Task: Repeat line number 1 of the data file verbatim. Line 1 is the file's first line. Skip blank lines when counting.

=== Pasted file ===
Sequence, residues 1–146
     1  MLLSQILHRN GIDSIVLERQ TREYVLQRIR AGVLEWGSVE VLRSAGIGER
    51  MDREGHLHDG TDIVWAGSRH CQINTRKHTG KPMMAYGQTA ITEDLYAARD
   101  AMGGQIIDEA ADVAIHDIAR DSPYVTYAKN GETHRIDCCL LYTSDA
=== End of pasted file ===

Sequence, residues 1–146